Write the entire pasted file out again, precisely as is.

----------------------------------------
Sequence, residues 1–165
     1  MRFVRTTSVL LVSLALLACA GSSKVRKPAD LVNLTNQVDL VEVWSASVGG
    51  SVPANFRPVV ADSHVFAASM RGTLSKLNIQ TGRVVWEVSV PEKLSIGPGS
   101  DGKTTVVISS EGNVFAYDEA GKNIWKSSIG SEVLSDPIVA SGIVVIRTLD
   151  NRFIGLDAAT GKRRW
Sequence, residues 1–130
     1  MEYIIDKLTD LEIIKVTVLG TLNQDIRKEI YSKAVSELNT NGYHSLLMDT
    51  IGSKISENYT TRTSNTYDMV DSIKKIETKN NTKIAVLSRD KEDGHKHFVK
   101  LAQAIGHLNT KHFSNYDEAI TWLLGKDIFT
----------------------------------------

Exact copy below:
Sequence, residues 1–165
     1  MRFVRTTSVL LVSLALLACA GSSKVRKPAD LVNLTNQVDL VEVWSASVGG
    51  SVPANFRPVV ADSHVFAASM RGTLSKLNIQ TGRVVWEVSV PEKLSIGPGS
   101  DGKTTVVISS EGNVFAYDEA GKNIWKSSIG SEVLSDPIVA SGIVVIRTLD
   151  NRFIGLDAAT GKRRW
Sequence, residues 1–130
     1  MEYIIDKLTD LEIIKVTVLG TLNQDIRKEI YSKAVSELNT NGYHSLLMDT
    51  IGSKISENYT TRTSNTYDMV DSIKKIETKN NTKIAVLSRD KEDGHKHFVK
   101  LAQAIGHLNT KHFSNYDEAI TWLLGKDIFT